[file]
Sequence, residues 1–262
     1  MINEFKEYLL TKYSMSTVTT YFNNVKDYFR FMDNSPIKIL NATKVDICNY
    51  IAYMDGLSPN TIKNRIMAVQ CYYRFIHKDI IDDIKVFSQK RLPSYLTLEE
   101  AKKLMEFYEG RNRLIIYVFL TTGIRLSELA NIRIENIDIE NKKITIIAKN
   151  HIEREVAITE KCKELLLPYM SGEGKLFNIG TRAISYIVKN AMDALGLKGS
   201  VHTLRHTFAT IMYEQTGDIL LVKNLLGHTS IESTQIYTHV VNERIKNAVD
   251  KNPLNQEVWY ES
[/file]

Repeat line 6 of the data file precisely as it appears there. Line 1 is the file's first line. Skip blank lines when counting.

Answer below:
   201  VHTLRHTFAT IMYEQTGDIL LVKNLLGHTS IESTQIYTHV VNERIKNAVD